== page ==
Egypt highly susceptible to cyber attacks, says report

Theodore May
5 Min Read

CAIRO: Egypt is, in a lot of ways, a regional leader – economically, politically, culturally. The largest country in the Middle East is also first among its peers for something rather more notorious: susceptibility to online attacks.

Symantec Corp., a leading internet security firm from California, issued its annual Internet Security Threat Report (ISTR), ranking each country based broadly on the amount of malicious cyber activity taking place there.

Egypt ranked second in the region – after Israel – and worst among the Arab states. Its global ranking was 26 (with 1 being the worst), deteriorating from 34 last year. The study ranked 230 countries.

The increase in Egypt’s vulnerability, says Johnny Karam, regional director of Middle East and North Africa for Symantec, has much to do with the recent dramatic rise in internet use among the country’s 80 million strong population.

Karam called Egypt an “emerging internet infrastructure and indicated that this phase of a country’s internet growth rendered it particularly vulnerable to cyber attacks.

“The reason for Egypt’s prominence, he said, “is this measurement may be that many Egyptians still primarily use internet cafes or other publicly accessible shared computers to access the internet. Public computers used by large numbers of people for a wide variety of purposes have an increased window of exposure to attack.

At this stage in Egypt’s internet growth, many households are beginning to install internet, whereas many in the lower income brackets, who had never used internet, are beginning to find their ways to cafes in cities across the country.

This transitional period has created vulnerabilities that hackers have begun taking advantage of.

“We’ve seen [the trend] in each and every country that opens up the internet highway, Karam said.

In collecting data for its reports, Symantec deploys 240,000 sensors worldwide. The sensors act as decoy accounts to track malicious behavior, be it spam, virus, phishing, or hacking.

Through this work, Karam says, his company has noticed worrying trends in the motives of these internet bandits.

For a long time, rogue hackers perpetrated crimes for sport. Today, though, the activities have become much more organized, originating most frequently out of Russia, and center their operations around making money.

Russia leads the internet fraud industry, with 50 percent of phishing attacks originating there. Phishing is a practice in which internet users are fooled into giving up sensitive information, including passwords and credit card numbers.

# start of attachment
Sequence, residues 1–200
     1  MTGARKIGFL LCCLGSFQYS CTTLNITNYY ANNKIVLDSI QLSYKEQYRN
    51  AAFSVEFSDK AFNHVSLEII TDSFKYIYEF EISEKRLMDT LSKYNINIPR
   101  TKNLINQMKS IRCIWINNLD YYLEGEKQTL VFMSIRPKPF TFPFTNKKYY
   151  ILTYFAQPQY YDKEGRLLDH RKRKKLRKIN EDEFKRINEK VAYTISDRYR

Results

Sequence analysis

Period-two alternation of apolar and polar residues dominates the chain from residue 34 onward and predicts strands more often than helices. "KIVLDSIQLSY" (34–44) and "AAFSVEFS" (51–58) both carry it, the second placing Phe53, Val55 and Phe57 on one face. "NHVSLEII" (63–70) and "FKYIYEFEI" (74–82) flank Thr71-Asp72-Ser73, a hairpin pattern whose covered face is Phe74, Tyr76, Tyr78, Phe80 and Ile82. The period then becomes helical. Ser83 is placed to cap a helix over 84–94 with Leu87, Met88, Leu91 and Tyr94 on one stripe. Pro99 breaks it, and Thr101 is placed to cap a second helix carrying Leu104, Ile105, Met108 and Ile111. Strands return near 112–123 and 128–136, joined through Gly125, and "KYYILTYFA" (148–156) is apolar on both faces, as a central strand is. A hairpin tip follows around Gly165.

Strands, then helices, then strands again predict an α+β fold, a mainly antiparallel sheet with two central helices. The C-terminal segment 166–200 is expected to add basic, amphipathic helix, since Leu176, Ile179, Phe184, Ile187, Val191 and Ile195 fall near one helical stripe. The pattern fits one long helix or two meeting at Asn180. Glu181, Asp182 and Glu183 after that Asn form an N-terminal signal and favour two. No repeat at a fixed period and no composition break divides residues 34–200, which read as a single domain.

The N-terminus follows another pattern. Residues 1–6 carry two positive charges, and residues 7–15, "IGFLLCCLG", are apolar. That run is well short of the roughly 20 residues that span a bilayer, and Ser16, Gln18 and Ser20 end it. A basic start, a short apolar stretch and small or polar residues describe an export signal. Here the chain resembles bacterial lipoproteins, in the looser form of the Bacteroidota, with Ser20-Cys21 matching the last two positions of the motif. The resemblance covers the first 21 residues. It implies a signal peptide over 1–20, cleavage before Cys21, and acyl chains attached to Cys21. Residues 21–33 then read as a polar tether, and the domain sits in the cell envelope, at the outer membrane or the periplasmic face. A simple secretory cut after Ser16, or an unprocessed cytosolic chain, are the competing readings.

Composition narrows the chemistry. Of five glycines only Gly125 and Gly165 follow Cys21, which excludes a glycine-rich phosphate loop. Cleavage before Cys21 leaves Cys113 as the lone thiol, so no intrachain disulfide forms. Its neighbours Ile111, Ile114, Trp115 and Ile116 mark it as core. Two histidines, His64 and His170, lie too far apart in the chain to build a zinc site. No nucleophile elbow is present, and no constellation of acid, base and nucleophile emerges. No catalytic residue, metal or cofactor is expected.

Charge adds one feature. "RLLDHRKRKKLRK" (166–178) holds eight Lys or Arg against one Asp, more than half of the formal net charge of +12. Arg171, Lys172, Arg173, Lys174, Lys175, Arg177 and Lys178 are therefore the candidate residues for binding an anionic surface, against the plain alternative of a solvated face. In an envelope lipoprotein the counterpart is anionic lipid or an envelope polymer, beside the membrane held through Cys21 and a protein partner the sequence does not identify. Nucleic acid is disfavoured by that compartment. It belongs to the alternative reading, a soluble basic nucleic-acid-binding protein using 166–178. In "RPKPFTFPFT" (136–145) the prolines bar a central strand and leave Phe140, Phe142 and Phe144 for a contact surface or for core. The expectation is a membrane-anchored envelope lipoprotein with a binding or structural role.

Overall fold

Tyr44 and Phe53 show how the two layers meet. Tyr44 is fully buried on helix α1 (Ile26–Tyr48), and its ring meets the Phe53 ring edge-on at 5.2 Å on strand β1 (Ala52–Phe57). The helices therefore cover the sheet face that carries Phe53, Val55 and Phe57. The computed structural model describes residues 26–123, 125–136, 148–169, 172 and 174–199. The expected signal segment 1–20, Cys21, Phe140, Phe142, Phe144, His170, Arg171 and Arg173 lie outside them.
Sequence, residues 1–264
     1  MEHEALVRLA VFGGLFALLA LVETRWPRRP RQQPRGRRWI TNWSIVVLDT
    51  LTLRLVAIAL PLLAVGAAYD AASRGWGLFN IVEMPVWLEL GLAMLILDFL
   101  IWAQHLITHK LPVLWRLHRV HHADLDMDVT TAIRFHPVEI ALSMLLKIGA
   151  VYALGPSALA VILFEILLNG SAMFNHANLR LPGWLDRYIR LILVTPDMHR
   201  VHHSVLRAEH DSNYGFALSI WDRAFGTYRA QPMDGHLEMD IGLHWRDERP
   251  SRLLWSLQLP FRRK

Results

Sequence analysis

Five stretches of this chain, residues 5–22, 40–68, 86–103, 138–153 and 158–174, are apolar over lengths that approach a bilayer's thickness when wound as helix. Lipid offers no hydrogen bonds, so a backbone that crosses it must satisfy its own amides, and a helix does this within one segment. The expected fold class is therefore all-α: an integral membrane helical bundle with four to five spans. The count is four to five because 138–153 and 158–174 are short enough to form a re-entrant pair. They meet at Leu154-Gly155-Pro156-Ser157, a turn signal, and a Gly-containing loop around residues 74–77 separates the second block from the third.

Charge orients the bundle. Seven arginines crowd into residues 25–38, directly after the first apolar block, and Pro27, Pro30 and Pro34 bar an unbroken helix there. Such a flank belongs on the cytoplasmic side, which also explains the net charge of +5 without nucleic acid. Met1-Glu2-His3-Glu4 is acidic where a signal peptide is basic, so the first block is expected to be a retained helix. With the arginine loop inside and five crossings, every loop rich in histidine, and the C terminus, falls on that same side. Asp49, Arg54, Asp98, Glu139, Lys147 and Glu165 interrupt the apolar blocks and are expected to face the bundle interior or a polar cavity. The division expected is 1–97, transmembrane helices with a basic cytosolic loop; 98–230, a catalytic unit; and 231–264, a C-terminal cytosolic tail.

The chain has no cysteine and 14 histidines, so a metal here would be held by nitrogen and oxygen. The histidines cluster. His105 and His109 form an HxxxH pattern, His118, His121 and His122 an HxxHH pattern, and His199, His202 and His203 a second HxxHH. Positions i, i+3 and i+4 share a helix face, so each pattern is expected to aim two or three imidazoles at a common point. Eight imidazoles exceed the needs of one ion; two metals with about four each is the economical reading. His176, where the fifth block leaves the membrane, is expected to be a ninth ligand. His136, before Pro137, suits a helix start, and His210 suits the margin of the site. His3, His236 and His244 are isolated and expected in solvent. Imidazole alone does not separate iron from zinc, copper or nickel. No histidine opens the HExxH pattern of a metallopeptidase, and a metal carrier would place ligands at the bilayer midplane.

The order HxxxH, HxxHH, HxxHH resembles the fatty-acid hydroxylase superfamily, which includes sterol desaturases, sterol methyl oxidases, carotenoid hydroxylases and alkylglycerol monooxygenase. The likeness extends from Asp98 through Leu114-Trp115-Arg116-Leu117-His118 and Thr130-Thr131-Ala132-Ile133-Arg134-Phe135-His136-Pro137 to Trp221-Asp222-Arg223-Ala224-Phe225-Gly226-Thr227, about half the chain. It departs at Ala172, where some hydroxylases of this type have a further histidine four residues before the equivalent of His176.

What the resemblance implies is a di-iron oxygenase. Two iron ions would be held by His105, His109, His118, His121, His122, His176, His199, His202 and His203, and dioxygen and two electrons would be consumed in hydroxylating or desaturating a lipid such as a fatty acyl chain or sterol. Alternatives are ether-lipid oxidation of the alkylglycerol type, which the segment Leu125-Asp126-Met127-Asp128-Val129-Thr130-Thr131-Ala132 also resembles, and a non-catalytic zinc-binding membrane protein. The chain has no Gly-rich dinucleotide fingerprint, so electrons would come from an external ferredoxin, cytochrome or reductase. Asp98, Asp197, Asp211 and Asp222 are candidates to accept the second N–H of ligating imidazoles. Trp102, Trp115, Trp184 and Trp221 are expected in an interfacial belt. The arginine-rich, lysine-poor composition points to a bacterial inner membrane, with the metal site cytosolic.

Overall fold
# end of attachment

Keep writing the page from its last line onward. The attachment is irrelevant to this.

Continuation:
Around 78 percent of threats, said Karam, were for the purpose of stealing data.

Stealing credit cards become an increasingly popular trend. Because it’s so easy to do, black market merchants sell the stolen lines of credit for between $.06 and $30.

While emerging internet infrastructures dot the top of the ISTR, other more advanced countries also fall victim to internet predators.

The United States, China, Germany and the UK – in that order – top the list for the second year running.

So as Egypt elbows its way into the internet era, the road ahead will be fraught with challenges.

Awareness, says Karam, is critical to a country’s ability to control internet crime. Gulf countries like Kuwait, Bahrain, the United Arab Emirates and Qatar have managed to get somewhat of a hold of internet crimes in their countries. For each, their latest rankings moved little, indicating that the increase in crime is stabilizing.

These countries have managed to boost their internet crime awareness campaigns. These efforts, notes Karam, must extend not only to individuals, but also to companies, governments, and service providers.

Karam says Symantec has been out front in pushing countries to establish Computer Emergency Response Teams (CERTs) in order to be prepared to combat cyber crimes. The UAE has established a CERT he says will play a major role in securing the internet there.

Egypt’s financial sector is becoming increasingly reliant on the internet. Banks are moving towards online banking, while brokerages store a growing amount of sensitive data on their servers. Securing Egypt’s internet will be a critical component in that continued growth, especially since much of the banking sector’s momentum in Egypt is predicated on the idea that money is more secure in a bank than under the proverbial mattress.

Egypt’s uptick in cyber crimes and its tumble in the world rankings are signs of a changing culture. Symantec’s new report, though, unequivocally states that with a growing internet infrastructure must come the parallel growth of a cyber security apparatus.

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